Charles Leclerc may have denied rumours of a straight swap with Mercedes, but doesn’t mean he’s not shopping around after a lacklustre Saudi Arabian Grand Prix left him 38 points off the pace in the title race.
But perhaps more importantly it was a race in which one radio message after another highlighted the Monégasque driver’s growing discontent.
It seems unimaginable to muse that after last year’s gains, Leclerc winning three races after two seasons without a single P1, the driver’s chances of fighting for this year’s World title could be over, and we’ve only had two races.
And it’s all come crashing down in a vicious combination of an unreliable car that is also “quite slow”.
Now you could argue that Red Bull’s phenomenal pace with their RB19 is making the Ferrari look slow, but it’s not just that as Aston Martin were ahead for the second race in a row, and on Sunday the SF-23, said to be a car that embraces straight-line speed, also lost out to Mercedes.
Leclerc’s frustrations with Ferrari grew with each passing lap.
Lining up on the grid down in 12th place as he already had his first engine penalties of the season, Leclerc needing to take a third Control Electronics after two failures in Bahrain, the driver started on the soft tyres. But looking around him and seeing a field of mediums, he questioned his race engineer Xavier Marcos Padros.
Leclerc: “So we are the only car on soft?”
Xavi: “Only Norris at the back, P19.”
One cannot blame him for asking what’s what given Ferrari’s numerous strategy blunders in 2022, blunders that often included putting him on the wrong compound, but in this case it turned out to be a good call with the driver up from 12th to ninth by the end of the opening lap.
But as his soft tyres faded Leclerc was forced to pit earlier than those around him with the likes of Max Verstappen and Lewis Hamilton then getting a fortuitous Safety Car when Lance Stroll retired two laps after Leclerc’s pit stop.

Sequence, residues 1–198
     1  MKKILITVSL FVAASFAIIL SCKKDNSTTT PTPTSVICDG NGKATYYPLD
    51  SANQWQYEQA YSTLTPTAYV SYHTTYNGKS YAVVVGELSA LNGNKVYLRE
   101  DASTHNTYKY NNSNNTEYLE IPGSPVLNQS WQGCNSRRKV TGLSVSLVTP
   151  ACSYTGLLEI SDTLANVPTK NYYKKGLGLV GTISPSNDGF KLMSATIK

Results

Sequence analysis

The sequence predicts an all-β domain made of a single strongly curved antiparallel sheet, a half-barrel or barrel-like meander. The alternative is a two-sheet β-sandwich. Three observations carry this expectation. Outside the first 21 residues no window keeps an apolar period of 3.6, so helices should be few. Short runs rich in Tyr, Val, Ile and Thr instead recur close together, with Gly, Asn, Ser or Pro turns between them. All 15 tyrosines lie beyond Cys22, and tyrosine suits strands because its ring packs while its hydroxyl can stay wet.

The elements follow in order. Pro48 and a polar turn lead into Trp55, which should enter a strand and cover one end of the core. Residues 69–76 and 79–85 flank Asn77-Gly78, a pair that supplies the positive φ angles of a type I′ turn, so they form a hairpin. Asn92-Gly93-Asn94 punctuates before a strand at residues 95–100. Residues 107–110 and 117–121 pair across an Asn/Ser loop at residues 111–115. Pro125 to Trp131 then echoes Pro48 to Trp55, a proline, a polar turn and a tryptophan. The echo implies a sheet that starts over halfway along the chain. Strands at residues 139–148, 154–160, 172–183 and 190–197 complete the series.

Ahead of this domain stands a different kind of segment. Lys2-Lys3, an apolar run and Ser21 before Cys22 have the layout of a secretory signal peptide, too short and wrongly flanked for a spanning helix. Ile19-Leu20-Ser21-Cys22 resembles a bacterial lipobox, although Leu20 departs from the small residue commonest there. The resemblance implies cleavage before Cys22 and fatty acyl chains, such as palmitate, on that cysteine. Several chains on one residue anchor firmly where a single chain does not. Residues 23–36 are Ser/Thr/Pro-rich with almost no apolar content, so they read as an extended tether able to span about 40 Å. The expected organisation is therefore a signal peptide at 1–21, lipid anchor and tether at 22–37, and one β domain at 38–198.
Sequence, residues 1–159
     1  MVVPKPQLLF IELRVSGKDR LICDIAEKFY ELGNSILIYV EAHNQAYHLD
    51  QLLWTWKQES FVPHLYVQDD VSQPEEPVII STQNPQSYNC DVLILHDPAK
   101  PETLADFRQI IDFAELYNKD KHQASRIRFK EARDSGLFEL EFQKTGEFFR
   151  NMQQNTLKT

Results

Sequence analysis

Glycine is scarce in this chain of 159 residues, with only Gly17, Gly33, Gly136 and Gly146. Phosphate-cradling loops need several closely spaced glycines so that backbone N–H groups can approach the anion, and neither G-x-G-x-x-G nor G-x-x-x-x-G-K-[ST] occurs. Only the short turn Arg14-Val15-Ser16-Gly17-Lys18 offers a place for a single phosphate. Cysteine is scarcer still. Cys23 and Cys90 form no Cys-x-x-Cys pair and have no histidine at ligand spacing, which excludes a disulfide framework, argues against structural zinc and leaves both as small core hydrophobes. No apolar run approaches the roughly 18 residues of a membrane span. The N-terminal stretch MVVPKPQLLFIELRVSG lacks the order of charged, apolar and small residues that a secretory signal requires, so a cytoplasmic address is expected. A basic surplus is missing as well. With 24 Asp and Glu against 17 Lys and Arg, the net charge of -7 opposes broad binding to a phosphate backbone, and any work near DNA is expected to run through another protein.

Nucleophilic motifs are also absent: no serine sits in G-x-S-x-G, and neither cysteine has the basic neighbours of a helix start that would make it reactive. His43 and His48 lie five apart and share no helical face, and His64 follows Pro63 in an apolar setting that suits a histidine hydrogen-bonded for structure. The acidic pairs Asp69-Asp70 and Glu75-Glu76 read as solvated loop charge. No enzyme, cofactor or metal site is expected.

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Xavi: “The only car we will lose to is Max.”
But that was soon followed by…
Xavi: “Try to push from Safety Car line One for Lewis Hamilton, he just pitted.”
Leclerc: “Xavi, you need to tell me that before!”
Leclerc: “No, but come on!”
Leclerc lost positions to Verstappen and Hamilton. Falling to seventh and unable to even close the gap to his team-mate Carlos Sainz, Leclerc’s frustrations mounted.
Leclerc: “Being behind like this is really shit. I don’t know what to do.”
Leclerc: “I’m not going push anymore.”
It would seem after Sunday’s race perhaps the only thing the 25-year-old will be pushing for is as a swift an exit from Ferrari as he can secure with his dejection evident.
He not only didn’t have the pace to fight the Red Bulls for the race win, but again lost out to the Aston Martin of Fernando Alonso while both Mercedes drivers, despite that team cries of doom and gloom, were also ahead.
Asked what work Ferrari must do to get into the title fight, he replied: “A lot, really a lot. Straight lines they’re quicker, corner they are quicker, so we need everything.” He added: “Overall the pace is just not good enough. Honestly, there wasn’t much more in the car, that was the best we could do.”
Declaring there is “not a miracle solution” out there, Ferrari may yet have to keep one eye on Mercedes and their progress as that has to be Leclerc’s most likely next destination if and when he finally throws in the red towel.
Although Red Bull is the team to beat, it is also very much Verstappen’s team as Sergio Perez continues to find out, meaning Leclerc is unlikely to head that way given he wants a World title above all else. Because of that goal of a World title, the rest of the grid also isn’t in the mix.
Mercedes, and more to the point Hamilton’s seat, is where Leclerc will next want to sit, the door either opened by Hamilton retiring in frustration or by Hamilton winning his eighth and then retiring.
Either way no matter how many times Leclerc tells us “how much I want to win with Ferrari”, unless Ferrari find that miracle solution, the clock is counting down on his days in red.